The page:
The Court of Chancery issued an important decision a few days ago for those who need to understand the latest nuances of Delaware law involving DGCL Section 220. Readers of these pages for the last 12 years have seen highlights of a plethora of rulings supporting the view that demands pursuant to Section 220 are not for the faint of heart. Rumors of the death of Section 220, however, have been greatly exaggerated, in light of the ruling in Rodgers v. Cypress Semiconductor Corporation, C.A. No. 2017-0070-AGB (Del. Ch. April 17, 2017).
Background: A former CEO of the company involved in this case sought books and records to investigate allegedly excessive compensation paid to the executive chairman of the board, and also alleged that the chairman violated the Code of Business Conduct and Ethics of the company. The company defended the claim based on the argument that the former CEO’s stated purpose was not the true purpose, and that the true purpose for the request was not proper. The company also denied the Section 220 demand based on the argument that there were no claims for non-exculpated allegations.
The most noteworthy aspects of this opinion are the following:
· The court explained that there remains a very high threshold to establish that the “true improper main purpose” of a demand is something other than the stated primary purpose.
· The court recited the prerequisites for a demand under Section 220 such as having a proper purpose and having a credible basis for claims to support the purpose to investigate wrongdoing. In this post-trial opinion, the court found the testimony of the claimant credible that his primary purpose was proper. Those primary purposes included investigation of wrongdoing such as a conflict of interest in violation of the company’s Code of Business Conduct and Ethics, as well as a desire to communicate with other stockholders and attempt to persuade the board to make changes.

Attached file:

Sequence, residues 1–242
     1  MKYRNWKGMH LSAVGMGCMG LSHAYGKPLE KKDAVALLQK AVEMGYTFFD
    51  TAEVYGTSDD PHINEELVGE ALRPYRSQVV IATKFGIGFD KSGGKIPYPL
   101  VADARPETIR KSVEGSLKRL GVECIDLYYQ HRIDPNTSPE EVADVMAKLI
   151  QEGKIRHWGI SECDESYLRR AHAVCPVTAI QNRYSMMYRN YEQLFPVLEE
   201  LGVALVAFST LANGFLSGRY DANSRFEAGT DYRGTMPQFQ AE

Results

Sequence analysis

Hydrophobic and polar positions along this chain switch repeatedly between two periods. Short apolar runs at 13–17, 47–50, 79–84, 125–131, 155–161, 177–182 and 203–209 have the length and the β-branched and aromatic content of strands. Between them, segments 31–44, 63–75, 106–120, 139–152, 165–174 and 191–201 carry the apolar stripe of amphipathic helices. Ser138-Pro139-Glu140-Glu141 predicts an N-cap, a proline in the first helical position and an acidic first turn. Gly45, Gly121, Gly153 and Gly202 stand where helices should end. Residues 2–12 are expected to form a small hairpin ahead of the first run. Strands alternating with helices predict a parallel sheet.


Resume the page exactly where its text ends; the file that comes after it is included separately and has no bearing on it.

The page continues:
· The court distinguished the decision of the Delaware Supreme Court in Southeastern Pennsylvania Transportation Authority v. AbbVie, highlighted on these pages. Specifically, AbbVie stands for the position that when the sole purpose for a Section 220 demand is to investigate wrongdoing of an exculpated claim, a Section 220 demand will be denied. By contrast, in this matter, derivative litigation to pursue claims of an exculpated nature were not the sole motivation to investigate wrongdoing. The other proper purposes included communication with stockholders and evaluation of suitability of members of the board to continue to serve.
· The court rejected the argument that the true purpose of the Section 220 demand in this matter was to pursue a personal vendetta and to assist in an ongoing proxy battle by the claimant. The court cited to cases finding that it is a high hurdle to prevail on an argument that the primary purpose, contrary to the stated purpose of a claimant, is personal animosity or other improper motives. See cases cited at footnotes 30 and 31.
· The court described the importance of a confidentiality agreement to limit the use of the documents obtained, to minimize the risk that the data would be used for the purposes of a proxy contest, although application to the court could be made for seeking approval to use the information for other purposes in the future.